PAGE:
d.      Training- The professionals working in these fields in the Asian countries need to be trained, the costs of which have to be borne by the companies as well as the government, thereby adding to the expenses (Wardhani and Anggraenni 2017)

Conclusion and Recommendations

The above discussion indicates towards the fact that integration and incorporation of the international standards for accounting in the Asian countries can have both benefits as well as some costs. However, given the global commercial integration and the development of the economies as well as international trade connections of the Asian countries it cannot be denied that these standards are crucial for long term relevance and sustainability of the business environment and the growth of the same in these countries. Thus, for cost-effective and appropriate implementations of these standards an effective planning and strategic frameworks need to be developed by the government of the Asian countries, in association with various stakeholders in the business environment. Proper training and skill development programs for the professionals are also required in these aspects and the government also needs to develop a monitoring body in order to ensure proper working of the same and also to reduce the negative effects of the contingencies arising out of the same. 

References

Abdullah, M., Evans, L., Fraser, I. and Tsalavoutas, I., 2015, December. IFRS Mandatory disclosures in Malaysia: the influence of family control and the value (ir) relevance of compliance levels. In Accounting Forum (Vol. 39, No. 4, pp. 328-348). Taylor & Francis.

Ball, R., 2016. IFRS–10 years later. Accounting and Business Research46(5), pp.545-571.

Christensen, H.B., Lee, E., Walker, M. and Zeng, C., 2015. Incentives or standards: What determines accounting quality changes around IFRS adoption? European Accounting Review24(1), pp.31-61.

Delcoure, N. and Huff, K., 2015. Determinants of IFRS voluntary adoption in emerging and frontier markets. Review of Business36(1), p.43.

Dudin, M., Prokofev, M., Fedorova, I., Frygin, A. and Kucuri, G., 2015. International Practice of Generation of the National Budget Income on the Basis of the Generally Accepted Financial Reporting Standards (IFRS). Asian Social Science11(8), pp.119-126.

Felski, E., 2015. Do common features exist among countries that locally adopt IFRS? International Journal of Accounting and Financial Reporting5(2), pp.144-177.

Florou, A., Kosi, U. and Pope, P.F., 2017. Are international accounting standards more credit relevant than domestic standards? Accounting and Business Research47(1), pp.1-29.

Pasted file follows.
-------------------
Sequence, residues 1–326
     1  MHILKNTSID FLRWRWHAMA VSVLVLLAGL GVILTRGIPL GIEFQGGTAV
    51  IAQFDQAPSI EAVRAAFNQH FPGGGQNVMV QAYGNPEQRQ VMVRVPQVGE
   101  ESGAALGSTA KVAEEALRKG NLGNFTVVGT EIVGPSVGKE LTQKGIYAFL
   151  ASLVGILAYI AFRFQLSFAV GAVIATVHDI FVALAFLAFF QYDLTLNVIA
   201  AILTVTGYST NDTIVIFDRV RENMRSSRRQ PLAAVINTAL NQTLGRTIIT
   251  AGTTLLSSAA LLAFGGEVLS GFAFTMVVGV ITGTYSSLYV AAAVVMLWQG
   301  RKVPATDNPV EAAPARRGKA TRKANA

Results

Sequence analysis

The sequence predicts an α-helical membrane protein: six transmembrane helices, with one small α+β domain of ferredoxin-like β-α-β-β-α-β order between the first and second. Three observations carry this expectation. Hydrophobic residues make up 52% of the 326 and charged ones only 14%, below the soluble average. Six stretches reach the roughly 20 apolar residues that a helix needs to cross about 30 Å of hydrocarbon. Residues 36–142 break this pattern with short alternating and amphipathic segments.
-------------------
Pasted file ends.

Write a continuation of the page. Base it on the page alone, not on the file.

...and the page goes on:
Flower, J., 2015. The international integrated reporting council: a story of failure. Critical Perspectives on Accounting27, pp.1-17.

Houqe, M.N. and Monem, R.M., 2016. IFRS adoption, extent of disclosure, and perceived corruption: a cross-country study. The International Journal of Accounting51(3), pp.363-378.

Joshi, M., Yapa, P.W.S. and Kraal, D., 2016. IFRS adoption in ASEAN countries: Perceptions of professional accountants from Singapore, Malaysia and Indonesia. International Journal of Managerial Finance12(2), pp.211-240.

Kaya, D. and Koch, M., 2015. Countries’ adoption of the International Financial Reporting Standard for Small and Medium-sized Entities (IFRS for SMEs)–early empirical evidence. Accounting and Business Research45(1), pp.93-120.

Khlif, H. and Achek, I., 2016. IFRS adoption and auditing: a review. Asian Review of Accounting24(3), pp.338-361.

Khoo, C.P. and Ahmad-Zaluki, N.A., 2015. IFRS convergence and earnings management. VOL. 23 (S) MAY 2015, p.75.

Null, S.H.U., 2016. Cost-benefit analysis of IFRS adoption: developed and emerging countries. Journal of Financial Reporting and Accounting14(2), pp.198-229.

Perera, D. and Chand, P., 2015. Issues in the adoption of international financial reporting standards (IFRS) for small and medium-sized enterprises (SMES). Advances in accounting31(1), pp.165-178.

Wardhani, R. and Anggraenni, M.D., 2017. The effect of leverage and IFRS convergence on earnings management through real activities manipulation in Asia. Asian Journal of Business and Accounting10(1), pp.87-125.